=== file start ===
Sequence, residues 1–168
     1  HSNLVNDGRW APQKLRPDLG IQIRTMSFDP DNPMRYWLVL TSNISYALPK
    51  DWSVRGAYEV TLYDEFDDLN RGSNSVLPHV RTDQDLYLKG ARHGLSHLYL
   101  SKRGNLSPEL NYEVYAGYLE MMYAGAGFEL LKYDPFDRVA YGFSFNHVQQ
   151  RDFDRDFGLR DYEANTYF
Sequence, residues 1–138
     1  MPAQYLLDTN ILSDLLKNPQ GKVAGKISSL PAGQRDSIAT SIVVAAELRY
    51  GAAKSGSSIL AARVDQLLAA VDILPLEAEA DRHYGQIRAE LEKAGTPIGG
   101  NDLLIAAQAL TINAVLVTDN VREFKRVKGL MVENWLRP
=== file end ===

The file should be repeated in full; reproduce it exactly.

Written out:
Sequence, residues 1–168
     1  HSNLVNDGRW APQKLRPDLG IQIRTMSFDP DNPMRYWLVL TSNISYALPK
    51  DWSVRGAYEV TLYDEFDDLN RGSNSVLPHV RTDQDLYLKG ARHGLSHLYL
   101  SKRGNLSPEL NYEVYAGYLE MMYAGAGFEL LKYDPFDRVA YGFSFNHVQQ
   151  RDFDRDFGLR DYEANTYF
Sequence, residues 1–138
     1  MPAQYLLDTN ILSDLLKNPQ GKVAGKISSL PAGQRDSIAT SIVVAAELRY
    51  GAAKSGSSIL AARVDQLLAA VDILPLEAEA DRHYGQIRAE LEKAGTPIGG
   101  NDLLIAAQAL TINAVLVTDN VREFKRVKGL MVENWLRP